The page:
Analysts and OEMs said Merom offers about 20 percent more performance than Intel's existing dual-core notebook chip, called Yonah. It does so without requiring more battery power.
The 64-bit support helps Intel catch up with what archrival Advanced Micro Devices has already been offering across its product line, including the 64-but AMD Turion for notebooks. From a practical standpoint, however, 64-bit memory addressing is still a nonissue for notebooks.
"It's ahead of what we need right now, although it will come up as a more important feature when Microsoft releases Vista," the next generation of Windows that has built-in 64-bit support, said one notebook engineer who asked not to be named.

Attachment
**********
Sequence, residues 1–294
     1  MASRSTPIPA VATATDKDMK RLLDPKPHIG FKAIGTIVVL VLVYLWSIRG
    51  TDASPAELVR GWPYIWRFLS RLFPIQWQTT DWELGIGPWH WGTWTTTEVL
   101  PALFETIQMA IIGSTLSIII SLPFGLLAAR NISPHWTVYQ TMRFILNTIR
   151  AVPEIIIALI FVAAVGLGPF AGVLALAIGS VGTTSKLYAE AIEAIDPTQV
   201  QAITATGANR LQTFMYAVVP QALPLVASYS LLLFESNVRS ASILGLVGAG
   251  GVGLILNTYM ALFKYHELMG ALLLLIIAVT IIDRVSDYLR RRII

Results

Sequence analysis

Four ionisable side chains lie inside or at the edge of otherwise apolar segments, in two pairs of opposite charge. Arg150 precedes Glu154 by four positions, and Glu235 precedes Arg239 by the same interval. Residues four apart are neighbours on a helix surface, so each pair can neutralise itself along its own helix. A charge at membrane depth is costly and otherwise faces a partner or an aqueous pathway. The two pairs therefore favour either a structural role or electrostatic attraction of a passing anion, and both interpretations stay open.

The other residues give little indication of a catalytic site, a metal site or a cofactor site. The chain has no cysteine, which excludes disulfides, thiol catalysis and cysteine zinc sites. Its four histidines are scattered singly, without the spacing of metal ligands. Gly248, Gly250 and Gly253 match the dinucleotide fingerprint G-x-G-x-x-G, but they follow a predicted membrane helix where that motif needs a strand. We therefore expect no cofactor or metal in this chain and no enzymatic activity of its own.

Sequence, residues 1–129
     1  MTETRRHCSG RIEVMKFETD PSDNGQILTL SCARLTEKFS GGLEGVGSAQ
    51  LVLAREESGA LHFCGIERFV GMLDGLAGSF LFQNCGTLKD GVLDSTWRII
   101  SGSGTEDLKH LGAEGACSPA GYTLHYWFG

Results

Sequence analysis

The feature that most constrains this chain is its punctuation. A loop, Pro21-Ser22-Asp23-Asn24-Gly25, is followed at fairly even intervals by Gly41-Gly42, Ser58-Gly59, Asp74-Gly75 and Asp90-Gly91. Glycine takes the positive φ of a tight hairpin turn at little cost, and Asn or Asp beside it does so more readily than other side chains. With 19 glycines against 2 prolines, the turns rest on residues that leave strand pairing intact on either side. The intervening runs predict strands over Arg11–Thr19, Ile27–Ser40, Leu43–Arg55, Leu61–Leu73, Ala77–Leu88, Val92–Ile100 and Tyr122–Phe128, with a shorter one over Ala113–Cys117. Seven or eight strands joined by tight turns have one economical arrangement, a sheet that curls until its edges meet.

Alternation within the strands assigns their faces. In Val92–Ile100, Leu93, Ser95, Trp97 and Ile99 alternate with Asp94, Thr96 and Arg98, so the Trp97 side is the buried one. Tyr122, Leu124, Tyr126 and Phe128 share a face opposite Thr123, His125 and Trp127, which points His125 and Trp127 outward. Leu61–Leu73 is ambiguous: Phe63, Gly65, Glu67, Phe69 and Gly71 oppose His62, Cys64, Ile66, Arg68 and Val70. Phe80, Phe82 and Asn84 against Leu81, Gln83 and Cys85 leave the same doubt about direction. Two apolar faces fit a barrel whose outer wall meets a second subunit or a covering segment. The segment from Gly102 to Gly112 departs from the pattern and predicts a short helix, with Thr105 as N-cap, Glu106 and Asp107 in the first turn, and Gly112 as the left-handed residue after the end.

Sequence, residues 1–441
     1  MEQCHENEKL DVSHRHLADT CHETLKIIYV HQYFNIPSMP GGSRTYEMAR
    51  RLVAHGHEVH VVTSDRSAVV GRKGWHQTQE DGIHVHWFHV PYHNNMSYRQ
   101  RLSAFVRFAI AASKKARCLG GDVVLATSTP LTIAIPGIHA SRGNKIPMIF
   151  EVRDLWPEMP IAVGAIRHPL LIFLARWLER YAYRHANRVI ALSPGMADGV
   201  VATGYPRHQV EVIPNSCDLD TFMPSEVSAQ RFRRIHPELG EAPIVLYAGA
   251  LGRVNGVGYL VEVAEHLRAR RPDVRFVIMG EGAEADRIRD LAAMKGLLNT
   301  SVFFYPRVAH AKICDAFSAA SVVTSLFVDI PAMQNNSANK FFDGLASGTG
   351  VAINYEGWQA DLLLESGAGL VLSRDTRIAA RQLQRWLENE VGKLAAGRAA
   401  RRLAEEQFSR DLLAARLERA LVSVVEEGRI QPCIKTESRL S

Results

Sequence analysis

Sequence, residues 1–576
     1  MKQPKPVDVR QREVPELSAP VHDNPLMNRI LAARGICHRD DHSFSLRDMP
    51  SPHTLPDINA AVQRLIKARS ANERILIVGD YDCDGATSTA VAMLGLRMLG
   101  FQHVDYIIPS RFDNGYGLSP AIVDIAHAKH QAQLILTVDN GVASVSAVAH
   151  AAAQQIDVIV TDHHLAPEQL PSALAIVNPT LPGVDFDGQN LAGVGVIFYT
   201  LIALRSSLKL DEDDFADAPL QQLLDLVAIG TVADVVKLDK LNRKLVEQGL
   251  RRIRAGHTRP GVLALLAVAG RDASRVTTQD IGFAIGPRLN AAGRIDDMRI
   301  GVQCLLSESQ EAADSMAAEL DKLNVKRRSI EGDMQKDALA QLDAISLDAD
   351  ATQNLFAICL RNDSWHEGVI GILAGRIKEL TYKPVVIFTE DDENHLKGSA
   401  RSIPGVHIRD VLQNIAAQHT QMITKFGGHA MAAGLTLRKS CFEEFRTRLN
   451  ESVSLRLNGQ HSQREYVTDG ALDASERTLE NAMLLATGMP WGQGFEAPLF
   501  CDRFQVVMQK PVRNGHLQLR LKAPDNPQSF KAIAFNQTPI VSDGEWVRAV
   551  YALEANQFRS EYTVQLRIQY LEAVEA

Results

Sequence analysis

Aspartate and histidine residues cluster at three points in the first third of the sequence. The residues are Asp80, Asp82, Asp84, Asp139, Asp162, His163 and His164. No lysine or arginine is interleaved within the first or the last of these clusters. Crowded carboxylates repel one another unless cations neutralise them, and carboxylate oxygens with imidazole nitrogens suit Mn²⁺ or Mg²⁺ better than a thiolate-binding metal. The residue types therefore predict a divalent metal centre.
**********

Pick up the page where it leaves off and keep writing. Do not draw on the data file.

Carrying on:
Merom uses Intel's existing chip set and 802.11 silicon, the Intel 945 Express and Intel Pro/Wireless 3945ABG. Both are part of Intel's so-called Napa platform which the company plans to upgrade sometime in 2007.
Additional details on the new platform may come out at the Intel Developer Forum (IDF) next month (Sept 26-28). Intel is also expected to talk at IDF more about its plans for bringing to the notebook its Active Management Technology.
Merom is the third of a trio of products Intel launched this year using its new Core Duo microarchitecture. Earlier this year, the company rolled out its dual-core Woodcrest and Conroe CPUs for desktops and servers.